Setting a good example is what governmental and religious institutions are expected to do, and two in Iowa did just that by showcasing just how efficient new buildings can be when following best practices in energy and water management.
Developers of a government building in Des Moines and a skilled nursing facility for elderly nuns in Dubuque presented their case studies at a conference on Oct. 3.
Scott Bowman, an engineer at KJWW Engineering Consultants, and Carey Nagel, an architect with BNIM Architects, told the story behind the new home of the Iowa Utilities Board and the Office of Consumer Advocate, a LEED-Platinum “net zero ready” building they believe serves as a blueprint for construction of other energy-efficient buildings.
In a separate workshop at the fifth annual Growing Sustainable Communities Conference – Midwestern Region in Dubuque, Mark Hanson of Hoffman Planning, Design & Construction, Inc., introduced attendees to the Clare House, a 93,202 square foot infirmary designed to reduce operating costs for the Catholic Sisters of St. Francis while enhancing the care of their elderly and infirmed.
Iowa Utilities Board and Office of Consumer Advocate Office Building
Dedicated in April 2011, the new building on the state capital complex in Des Moines houses more than 90 employees of the two agencies, replacing their former headquarters in what Bowman called “the worst building in Iowa.” The engineering and architecture firms came together with the building’s owners as an integrated team to “innovate, but to use established tools and technology to get extraordinary results,” according to Nagel.
They wanted to develop a building process that was driven by energy efficiency but that could be replicated anywhere. Their “process for high performance” included the collaboration of an integrated team, and a post-occupancy measurement and verification plan.
“This was about creating a process of simple ideas for any budget with any team,” Nagel said.
Their “energy efficiency-driven vision” was to construct a building with a total Energy Utilization Index (EUI) of 28.0 kBTU per square foot, per year. Bowman explained that this number represented a 60 percent reduction from the code base EUI of 72.5 kBTU. After almost a year of operation, the building so far has operated at an average of 21.6 kBTU.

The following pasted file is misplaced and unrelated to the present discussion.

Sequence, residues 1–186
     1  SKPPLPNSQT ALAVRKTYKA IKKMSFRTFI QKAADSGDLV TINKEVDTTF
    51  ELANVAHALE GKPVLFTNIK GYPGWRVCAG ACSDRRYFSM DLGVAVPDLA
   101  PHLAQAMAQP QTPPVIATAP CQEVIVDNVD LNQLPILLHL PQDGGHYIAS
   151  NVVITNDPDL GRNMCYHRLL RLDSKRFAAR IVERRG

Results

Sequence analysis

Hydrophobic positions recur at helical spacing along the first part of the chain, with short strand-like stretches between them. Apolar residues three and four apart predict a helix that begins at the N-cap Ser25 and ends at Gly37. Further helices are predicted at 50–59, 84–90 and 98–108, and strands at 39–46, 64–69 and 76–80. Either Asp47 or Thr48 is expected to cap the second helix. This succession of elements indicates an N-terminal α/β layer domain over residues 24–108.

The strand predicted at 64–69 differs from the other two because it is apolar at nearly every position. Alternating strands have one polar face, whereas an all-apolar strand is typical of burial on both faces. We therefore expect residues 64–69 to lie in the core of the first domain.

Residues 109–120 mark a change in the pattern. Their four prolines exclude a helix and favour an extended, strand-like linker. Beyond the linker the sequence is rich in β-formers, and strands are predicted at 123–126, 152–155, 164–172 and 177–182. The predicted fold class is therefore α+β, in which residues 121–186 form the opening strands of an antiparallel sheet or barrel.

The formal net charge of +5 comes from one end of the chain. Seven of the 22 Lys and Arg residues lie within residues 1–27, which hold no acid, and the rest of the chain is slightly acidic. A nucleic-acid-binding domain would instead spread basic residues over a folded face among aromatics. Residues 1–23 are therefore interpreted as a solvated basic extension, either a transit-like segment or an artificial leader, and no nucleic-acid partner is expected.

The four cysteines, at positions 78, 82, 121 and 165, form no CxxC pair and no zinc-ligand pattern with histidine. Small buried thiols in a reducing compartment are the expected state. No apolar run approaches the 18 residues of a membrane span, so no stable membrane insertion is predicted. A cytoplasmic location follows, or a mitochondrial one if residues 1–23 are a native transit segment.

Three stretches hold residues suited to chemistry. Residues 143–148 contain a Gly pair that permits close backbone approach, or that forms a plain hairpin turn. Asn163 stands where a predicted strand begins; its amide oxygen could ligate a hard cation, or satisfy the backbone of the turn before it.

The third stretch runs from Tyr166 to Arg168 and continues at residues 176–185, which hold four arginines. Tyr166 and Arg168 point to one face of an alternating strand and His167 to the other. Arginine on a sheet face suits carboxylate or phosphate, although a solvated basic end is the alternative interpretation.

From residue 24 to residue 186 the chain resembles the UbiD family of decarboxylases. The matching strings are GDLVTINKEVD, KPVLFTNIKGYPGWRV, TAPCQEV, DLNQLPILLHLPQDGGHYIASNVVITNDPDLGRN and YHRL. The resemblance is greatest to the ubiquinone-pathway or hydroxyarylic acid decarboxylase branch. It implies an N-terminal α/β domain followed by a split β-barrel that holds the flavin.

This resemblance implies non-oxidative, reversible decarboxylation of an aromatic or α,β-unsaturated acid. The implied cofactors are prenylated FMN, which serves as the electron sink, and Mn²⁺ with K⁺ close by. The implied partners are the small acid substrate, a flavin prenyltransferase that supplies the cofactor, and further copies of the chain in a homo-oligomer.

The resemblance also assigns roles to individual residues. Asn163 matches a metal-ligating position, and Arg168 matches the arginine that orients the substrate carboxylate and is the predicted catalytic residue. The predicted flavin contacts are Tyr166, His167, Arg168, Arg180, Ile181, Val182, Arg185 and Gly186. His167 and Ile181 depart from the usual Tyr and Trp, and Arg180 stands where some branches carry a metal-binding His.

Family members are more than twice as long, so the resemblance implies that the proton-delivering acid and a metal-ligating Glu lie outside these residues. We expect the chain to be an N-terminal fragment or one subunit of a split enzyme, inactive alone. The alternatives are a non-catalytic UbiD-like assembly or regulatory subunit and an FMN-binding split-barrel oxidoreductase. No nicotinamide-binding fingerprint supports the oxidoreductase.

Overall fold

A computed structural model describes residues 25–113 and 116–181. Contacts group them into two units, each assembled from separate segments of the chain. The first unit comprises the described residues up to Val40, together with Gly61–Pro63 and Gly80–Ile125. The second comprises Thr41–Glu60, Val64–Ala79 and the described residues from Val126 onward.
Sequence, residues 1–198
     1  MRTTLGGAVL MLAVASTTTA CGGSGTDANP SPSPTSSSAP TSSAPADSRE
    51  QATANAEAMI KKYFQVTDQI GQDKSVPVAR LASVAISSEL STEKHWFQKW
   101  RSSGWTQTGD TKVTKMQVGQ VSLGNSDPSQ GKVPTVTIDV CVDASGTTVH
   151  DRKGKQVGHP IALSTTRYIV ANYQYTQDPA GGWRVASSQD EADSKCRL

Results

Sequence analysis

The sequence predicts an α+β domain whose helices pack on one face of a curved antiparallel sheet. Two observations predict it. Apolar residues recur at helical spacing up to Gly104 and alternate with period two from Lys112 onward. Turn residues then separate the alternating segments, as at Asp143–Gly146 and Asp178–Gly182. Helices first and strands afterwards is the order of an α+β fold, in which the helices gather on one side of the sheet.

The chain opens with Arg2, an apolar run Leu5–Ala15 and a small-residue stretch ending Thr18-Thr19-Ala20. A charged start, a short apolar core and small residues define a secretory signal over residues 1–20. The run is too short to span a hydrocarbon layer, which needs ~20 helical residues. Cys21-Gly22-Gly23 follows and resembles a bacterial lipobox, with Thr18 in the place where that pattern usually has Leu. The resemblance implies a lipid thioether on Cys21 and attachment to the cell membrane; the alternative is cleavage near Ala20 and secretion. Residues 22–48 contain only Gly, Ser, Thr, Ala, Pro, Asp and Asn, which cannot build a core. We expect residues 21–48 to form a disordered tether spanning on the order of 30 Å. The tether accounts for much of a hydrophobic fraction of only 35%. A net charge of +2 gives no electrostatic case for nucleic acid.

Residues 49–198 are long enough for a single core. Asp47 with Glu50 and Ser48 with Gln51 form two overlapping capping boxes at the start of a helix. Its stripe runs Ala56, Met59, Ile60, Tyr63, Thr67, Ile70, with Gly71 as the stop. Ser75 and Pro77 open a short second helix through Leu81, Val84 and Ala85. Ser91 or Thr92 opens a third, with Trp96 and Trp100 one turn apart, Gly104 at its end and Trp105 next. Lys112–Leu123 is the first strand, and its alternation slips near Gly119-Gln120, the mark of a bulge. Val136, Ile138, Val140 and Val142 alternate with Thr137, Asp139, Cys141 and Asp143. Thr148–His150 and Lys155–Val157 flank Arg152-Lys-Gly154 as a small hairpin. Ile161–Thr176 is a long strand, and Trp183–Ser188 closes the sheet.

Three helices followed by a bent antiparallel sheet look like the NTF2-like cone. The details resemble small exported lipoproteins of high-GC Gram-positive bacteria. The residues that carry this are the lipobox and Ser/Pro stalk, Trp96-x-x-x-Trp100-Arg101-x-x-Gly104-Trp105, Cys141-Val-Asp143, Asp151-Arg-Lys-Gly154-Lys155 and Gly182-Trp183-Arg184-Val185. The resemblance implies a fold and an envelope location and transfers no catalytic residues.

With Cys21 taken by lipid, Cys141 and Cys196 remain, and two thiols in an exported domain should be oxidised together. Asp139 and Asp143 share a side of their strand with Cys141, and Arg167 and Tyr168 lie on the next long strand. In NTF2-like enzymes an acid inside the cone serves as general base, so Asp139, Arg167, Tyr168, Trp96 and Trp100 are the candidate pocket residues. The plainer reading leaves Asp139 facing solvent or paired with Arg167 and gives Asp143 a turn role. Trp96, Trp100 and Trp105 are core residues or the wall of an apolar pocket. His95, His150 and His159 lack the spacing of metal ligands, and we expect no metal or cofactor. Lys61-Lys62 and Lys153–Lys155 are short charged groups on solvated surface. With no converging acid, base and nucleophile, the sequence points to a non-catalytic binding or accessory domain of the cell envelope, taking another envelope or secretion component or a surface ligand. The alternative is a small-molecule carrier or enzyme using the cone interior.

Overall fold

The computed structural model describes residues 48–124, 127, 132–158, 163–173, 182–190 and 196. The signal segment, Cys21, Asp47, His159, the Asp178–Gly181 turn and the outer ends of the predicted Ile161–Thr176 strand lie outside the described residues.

They hadn’t started out planning for LEED-platinum certification, but “the goal of creating a good indoor environment for workers prompted us to go all the way with certification,” which is pending, Bowman said.
The building is 44,640 gross square feet, which is the measurement taken from outside the building walls. The construction cost of the building was $204 per GSF. As part of the integrated design process, stakeholders gathered to discuss their ideas, the most important of which included the envelope, orientation on the lot, incorporation of daylight, natural ventilation, owner vision, client education and plan organization.
As for energy efficiency, the team realized they could use less energy in some situations, use energy more efficiently in others, and even make some of their own renewable energy on site.
“How do you go for higher efficiency in a building?” Bowman asked. “Start by using less. Reduce load. Mechanical systems shouldn’t last more than 25 years because improvements will come along, but the envelope will never be easier to do than now.”
But he added: “For photovoltaic, don’t buy anything until you are ready for it because technology gets better and costs go down” over time. This building’s roof-mounted photovoltaic solar panels provide 13 percent of total energy needs while offsetting loads during peak demand.
In conventional buildings, the largest piece of the energy pie goes for heating, followed by cooling, fans and pumps, lights, plug load and hot water. But in this new building, Bowman said, heating and cooling are much smaller pieces of the pie, while the plug load is the most significant portion.
The building lies on a former fill site, where there had been a coal mine long ago. An east/west orientation allows daylight into the core of the building. The interior is “austere,” with exposed steel and zinc cladding mixed with walnut panels and furnishing.
Bowman joked that he might be “drummed out of engineering” because he keeps “trying to eliminate things engineers like to build.” In this case, the team didn’t want occupants to rely entirely on automated temperature controls. They should be able to open windows – psychologically it makes people feel more comfortable if they have some control over their surroundings, he said. It is also a business issue, because if there is a ventilation failure, at least people can open windows and continue to function, even if in a less comfortable atmosphere. Lest people open windows and forget to shut them overnight, various controls prompt people to open windows when appropriate, while shutting off mechanical systems, and alerting occupants when they are left open at day’s end.